Back during the global financial crisis, when the Rudd government decided to rush out $900 stimulus cheques using the tax system to do it quickly, it copped huge grief from News Corp — which seriously argued stimulus would hurt the economy — for sending cheques to dead people, backpackers still in Australia and those who’d returned overseas, and expatriates who’d paid tax recently.
In the end, about $25 million was estimated to have gone overseas in the rush to send cheques out. The Coalition back then had a great old time mocking Labor for providing stimulus to foreigners.
As it turns out, that was chump change compared to the amount of the Morrison government’s JobKeeper payments that have gone offshore. The program proved a winner for foreign shareholders as well as Australian companies, an analysis of the available data shows.
While the government’s refusal to allow transparency around recipients of tens of billions of dollars in government support prevents an accurate of how much support ended up going to foreign shareholders, there’s enough data to make a reasonable estimate for how much went to foreign shareholders.
According to a report from March this year by Nikitha Kariyawasam and James Samson of Ownership Matters, a total of $2.45 billion in JobKeeper payments were received by ASX300 companies in 2020.
That’s nowhere close to the total JobKeeper payments to all companies, listed and unlisted, of course, but let’s start there for an assessment of where the money went.
According to Treasury’s review of the scheme, around one-quarter of JobKeeper payments ended up with individual employees, while “around three-quarters of JobKeeper payments constitute a wage subsidy to the employer”, meaning that the company retained the payments.
In the case of the 20% of JobKeeper payments that Ownership Matters found went to ASX300 companies that enjoyed increased earnings in 2020 rather than a significant fall in revenue, those payments simply added to profit, often ending up in increased executive bonuses or increased dividends to shareholders.
Given total foreign investment in Australian equities was around $675 billion last year — separate from foreign direct investment (over $1 trillion) or loans ($1.3 trillion) — and the total value of the ASX was around $2.2 trillion, around 30% of dividends would have flowed offshore. That means, on a conservative basis, around $110 million in JobKeeper payments would have flowed to foreign shareholders from Australian-listed companies that didn’t need it.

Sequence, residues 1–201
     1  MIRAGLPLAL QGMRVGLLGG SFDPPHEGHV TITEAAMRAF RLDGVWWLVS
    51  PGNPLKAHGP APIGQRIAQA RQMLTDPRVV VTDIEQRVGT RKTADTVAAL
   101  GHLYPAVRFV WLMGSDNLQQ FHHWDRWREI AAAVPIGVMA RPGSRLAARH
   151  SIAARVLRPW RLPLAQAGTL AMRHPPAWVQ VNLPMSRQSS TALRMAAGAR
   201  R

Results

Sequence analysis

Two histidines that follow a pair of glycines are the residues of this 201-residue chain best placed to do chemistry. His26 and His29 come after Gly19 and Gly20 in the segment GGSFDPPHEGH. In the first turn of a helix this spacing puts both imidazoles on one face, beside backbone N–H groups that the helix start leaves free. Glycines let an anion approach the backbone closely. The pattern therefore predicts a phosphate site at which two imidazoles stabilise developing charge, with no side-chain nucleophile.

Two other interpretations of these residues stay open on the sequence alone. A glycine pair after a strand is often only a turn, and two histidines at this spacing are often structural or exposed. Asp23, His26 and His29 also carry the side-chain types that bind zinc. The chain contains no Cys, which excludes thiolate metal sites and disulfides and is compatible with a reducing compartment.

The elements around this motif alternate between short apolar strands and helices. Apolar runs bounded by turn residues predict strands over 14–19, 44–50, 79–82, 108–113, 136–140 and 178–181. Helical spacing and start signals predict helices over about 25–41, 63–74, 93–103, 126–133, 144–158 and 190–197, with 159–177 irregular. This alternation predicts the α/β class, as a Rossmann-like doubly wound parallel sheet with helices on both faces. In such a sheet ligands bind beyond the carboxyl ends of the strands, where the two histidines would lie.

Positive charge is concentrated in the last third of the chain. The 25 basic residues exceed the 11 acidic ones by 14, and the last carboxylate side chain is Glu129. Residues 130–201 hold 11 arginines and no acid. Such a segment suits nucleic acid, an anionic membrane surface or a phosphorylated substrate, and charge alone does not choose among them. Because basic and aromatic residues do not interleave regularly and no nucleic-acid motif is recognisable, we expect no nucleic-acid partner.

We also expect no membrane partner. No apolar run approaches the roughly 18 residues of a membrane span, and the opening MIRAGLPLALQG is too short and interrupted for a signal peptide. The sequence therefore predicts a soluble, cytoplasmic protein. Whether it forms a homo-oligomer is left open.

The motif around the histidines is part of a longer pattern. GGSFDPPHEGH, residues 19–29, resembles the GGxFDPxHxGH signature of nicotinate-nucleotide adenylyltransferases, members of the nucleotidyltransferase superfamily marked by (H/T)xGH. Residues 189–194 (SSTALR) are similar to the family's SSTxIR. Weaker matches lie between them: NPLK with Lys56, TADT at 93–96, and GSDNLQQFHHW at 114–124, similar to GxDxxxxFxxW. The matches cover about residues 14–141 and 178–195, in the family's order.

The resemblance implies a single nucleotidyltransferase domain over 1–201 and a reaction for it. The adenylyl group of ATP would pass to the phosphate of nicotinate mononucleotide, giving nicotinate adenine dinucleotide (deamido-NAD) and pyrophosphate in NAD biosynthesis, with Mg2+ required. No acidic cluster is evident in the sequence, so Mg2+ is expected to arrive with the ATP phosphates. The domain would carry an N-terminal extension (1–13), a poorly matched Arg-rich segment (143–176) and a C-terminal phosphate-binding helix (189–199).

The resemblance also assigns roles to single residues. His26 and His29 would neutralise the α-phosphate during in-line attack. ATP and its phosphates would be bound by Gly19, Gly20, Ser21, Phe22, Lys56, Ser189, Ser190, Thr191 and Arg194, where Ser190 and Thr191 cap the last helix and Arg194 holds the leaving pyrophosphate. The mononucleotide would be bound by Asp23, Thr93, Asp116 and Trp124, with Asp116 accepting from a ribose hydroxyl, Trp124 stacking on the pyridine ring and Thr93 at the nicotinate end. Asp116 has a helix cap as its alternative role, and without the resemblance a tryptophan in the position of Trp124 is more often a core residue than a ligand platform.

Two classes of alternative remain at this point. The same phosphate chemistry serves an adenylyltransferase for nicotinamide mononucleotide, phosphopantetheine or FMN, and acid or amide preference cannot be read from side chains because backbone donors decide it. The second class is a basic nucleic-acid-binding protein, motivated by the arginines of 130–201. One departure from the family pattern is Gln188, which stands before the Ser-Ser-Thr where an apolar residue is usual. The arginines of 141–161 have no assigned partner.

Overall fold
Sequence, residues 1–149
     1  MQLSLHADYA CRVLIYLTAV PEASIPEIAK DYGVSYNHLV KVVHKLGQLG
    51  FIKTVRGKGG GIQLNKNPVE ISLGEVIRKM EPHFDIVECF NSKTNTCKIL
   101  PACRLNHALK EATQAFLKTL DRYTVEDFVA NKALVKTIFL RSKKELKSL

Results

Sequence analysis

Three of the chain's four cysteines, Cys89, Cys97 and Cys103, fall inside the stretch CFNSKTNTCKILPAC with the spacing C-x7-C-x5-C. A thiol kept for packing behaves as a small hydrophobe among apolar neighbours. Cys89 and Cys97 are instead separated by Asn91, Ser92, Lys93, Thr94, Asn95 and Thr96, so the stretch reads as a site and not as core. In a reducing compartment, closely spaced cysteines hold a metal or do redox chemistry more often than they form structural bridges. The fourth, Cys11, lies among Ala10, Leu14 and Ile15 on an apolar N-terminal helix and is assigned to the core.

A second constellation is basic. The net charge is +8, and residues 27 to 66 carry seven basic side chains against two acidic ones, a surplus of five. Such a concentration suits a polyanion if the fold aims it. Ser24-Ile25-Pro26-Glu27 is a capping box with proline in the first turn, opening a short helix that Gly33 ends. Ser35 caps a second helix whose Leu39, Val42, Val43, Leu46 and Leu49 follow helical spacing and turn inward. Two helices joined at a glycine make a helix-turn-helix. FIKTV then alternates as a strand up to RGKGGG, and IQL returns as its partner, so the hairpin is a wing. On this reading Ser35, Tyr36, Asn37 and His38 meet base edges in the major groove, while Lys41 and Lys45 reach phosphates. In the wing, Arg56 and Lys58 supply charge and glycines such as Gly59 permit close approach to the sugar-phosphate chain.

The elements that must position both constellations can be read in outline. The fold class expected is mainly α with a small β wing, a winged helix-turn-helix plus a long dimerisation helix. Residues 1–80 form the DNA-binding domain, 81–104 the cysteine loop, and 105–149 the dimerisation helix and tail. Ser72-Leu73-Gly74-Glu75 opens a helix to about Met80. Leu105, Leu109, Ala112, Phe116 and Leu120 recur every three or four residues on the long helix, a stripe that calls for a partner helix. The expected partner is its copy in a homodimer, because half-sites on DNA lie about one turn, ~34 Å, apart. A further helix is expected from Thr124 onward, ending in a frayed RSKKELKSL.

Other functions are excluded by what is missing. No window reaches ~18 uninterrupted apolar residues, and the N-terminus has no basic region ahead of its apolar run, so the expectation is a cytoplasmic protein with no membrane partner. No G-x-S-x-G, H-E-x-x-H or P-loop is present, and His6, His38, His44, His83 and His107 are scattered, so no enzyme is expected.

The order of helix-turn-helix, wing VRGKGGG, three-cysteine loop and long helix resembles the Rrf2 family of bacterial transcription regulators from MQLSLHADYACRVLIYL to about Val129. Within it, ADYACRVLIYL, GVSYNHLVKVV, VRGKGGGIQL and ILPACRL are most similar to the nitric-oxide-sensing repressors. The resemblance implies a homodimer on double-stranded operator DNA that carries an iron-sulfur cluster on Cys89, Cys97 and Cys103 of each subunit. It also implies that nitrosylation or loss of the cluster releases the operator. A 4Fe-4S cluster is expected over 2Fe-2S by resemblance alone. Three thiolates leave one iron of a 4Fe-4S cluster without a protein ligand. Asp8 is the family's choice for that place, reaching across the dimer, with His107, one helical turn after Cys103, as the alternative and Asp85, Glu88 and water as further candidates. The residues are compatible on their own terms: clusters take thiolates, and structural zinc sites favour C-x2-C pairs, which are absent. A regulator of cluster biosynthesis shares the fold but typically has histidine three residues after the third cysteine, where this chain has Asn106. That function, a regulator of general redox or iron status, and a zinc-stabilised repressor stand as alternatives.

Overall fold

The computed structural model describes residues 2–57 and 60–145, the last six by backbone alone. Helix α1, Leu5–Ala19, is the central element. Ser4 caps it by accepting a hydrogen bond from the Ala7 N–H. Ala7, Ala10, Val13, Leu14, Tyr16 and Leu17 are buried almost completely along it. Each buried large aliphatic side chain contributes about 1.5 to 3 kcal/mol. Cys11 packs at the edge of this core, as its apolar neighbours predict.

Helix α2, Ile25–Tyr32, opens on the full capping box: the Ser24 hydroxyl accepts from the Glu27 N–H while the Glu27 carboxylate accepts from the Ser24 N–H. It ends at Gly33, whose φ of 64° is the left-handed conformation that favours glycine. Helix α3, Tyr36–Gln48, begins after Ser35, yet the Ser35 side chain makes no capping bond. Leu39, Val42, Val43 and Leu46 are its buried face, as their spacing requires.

That $110 million is the absolute minimum — including direct investment by foreign investors would dramatically increase that level of offshore transfers by taxpayers. And then there are also the unlisted giants — the likes of the world’s biggest luxury goods group, LVMH (Louis Vuitton, controlled by Bernard Arnault, the world’s richest man worth $186 billion), which received just over $6 million from JobKeeper paid a dividend to its French parent of $6.6 million. Very generous of Australia to help out a struggling French super-billionaire.
It’s clear that the amount of JobKeeper payments that went to foreign investors was in the hundreds of millions.
That dwarfs the amount of stimulus cheques that flowed overseas back in 2009. They at least went to individuals — much of the JobKeeper largesse flowing offshore would have gone into the accounts of the world’s largest pension funds via increased dividends and boosted share prices. Beneficiaries would have included investment houses like Blackstone and Vanguard, the two biggest investors in the world, along with the Norway’s Government Pension Fund, the single largest fund in the world, which owns around 2% of every major listed company on global stockmarkets.
The people of Norway are presumably grateful to Scott Morrison and Josh Frydenberg for an unexpected bonus return on the investment of their oil fund revenues.
This article was first published by Crikey.